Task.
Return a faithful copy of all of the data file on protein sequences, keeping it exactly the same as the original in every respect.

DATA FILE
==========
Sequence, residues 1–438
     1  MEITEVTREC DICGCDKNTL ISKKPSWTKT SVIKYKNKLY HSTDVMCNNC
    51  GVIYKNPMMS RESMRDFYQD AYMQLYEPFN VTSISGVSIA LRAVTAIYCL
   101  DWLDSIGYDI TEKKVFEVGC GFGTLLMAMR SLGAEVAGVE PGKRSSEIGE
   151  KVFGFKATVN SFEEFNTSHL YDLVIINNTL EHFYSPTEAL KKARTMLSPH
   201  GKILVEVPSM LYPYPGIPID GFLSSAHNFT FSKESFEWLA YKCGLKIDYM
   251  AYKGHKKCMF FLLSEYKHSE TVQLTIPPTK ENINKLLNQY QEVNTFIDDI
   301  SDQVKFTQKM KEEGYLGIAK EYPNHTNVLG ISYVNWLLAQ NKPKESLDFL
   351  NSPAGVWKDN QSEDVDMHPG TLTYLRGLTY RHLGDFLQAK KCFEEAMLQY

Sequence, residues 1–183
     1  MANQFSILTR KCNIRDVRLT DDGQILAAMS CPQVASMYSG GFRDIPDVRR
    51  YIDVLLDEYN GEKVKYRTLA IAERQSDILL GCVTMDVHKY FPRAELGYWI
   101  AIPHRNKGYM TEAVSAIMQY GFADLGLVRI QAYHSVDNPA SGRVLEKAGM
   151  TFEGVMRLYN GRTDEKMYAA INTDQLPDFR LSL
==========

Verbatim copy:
Sequence, residues 1–438
     1  MEITEVTREC DICGCDKNTL ISKKPSWTKT SVIKYKNKLY HSTDVMCNNC
    51  GVIYKNPMMS RESMRDFYQD AYMQLYEPFN VTSISGVSIA LRAVTAIYCL
   101  DWLDSIGYDI TEKKVFEVGC GFGTLLMAMR SLGAEVAGVE PGKRSSEIGE
   151  KVFGFKATVN SFEEFNTSHL YDLVIINNTL EHFYSPTEAL KKARTMLSPH
   201  GKILVEVPSM LYPYPGIPID GFLSSAHNFT FSKESFEWLA YKCGLKIDYM
   251  AYKGHKKCMF FLLSEYKHSE TVQLTIPPTK ENINKLLNQY QEVNTFIDDI
   301  SDQVKFTQKM KEEGYLGIAK EYPNHTNVLG ISYVNWLLAQ NKPKESLDFL
   351  NSPAGVWKDN QSEDVDMHPG TLTYLRGLTY RHLGDFLQAK KCFEEAMLQY

Sequence, residues 1–183
     1  MANQFSILTR KCNIRDVRLT DDGQILAAMS CPQVASMYSG GFRDIPDVRR
    51  YIDVLLDEYN GEKVKYRTLA IAERQSDILL GCVTMDVHKY FPRAELGYWI
   101  AIPHRNKGYM TEAVSAIMQY GFADLGLVRI QAYHSVDNPA SGRVLEKAGM
   151  TFEGVMRLYN GRTDEKMYAA INTDQLPDFR LSL